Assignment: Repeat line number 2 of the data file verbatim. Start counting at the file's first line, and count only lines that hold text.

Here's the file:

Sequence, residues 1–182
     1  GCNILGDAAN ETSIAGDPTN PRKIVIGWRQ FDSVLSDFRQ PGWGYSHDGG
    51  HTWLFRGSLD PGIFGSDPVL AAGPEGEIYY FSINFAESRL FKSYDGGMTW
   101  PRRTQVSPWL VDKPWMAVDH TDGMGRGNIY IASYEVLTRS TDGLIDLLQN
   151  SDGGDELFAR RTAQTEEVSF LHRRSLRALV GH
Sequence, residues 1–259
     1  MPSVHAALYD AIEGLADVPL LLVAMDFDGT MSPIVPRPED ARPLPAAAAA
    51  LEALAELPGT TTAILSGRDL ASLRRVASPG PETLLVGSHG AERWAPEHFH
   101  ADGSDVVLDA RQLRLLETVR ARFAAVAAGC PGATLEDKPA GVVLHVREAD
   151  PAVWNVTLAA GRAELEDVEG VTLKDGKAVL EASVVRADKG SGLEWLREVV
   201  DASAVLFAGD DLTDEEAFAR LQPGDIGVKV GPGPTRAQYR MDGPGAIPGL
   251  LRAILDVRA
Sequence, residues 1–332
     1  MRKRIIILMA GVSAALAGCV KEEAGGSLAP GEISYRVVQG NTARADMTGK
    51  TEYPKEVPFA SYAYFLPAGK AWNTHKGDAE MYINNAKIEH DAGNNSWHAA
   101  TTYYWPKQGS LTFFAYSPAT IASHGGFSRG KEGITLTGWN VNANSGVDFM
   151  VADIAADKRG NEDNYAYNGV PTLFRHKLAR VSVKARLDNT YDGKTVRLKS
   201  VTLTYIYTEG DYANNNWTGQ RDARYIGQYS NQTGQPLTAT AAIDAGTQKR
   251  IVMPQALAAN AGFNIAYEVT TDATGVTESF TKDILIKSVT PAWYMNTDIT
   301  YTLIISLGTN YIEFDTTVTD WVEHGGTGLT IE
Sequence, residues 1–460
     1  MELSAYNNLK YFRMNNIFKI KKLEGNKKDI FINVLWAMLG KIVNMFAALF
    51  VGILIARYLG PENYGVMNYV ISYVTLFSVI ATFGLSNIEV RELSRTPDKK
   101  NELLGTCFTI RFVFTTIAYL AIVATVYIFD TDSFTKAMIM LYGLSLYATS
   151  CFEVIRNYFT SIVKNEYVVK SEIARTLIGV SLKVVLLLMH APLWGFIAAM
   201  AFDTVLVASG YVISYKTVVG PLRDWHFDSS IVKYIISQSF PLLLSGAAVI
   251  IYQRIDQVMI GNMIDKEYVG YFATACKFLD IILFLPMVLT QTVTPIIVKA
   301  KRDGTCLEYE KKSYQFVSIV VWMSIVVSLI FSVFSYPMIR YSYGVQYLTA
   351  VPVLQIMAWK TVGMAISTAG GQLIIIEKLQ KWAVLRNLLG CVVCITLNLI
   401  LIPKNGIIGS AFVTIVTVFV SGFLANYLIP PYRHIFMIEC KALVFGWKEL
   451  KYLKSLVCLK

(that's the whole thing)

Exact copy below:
     1  GCNILGDAAN ETSIAGDPTN PRKIVIGWRQ FDSVLSDFRQ PGWGYSHDGG